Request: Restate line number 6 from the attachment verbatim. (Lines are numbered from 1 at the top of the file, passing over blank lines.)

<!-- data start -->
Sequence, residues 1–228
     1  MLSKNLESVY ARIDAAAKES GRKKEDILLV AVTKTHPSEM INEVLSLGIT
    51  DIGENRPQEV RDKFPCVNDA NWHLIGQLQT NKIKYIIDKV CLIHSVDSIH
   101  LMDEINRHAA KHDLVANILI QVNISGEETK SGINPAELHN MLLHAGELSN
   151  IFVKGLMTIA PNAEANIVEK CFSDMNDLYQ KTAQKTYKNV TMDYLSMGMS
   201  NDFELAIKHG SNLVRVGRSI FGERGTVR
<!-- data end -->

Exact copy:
   201  NDFELAIKHG SNLVRVGRSI FGERGTVR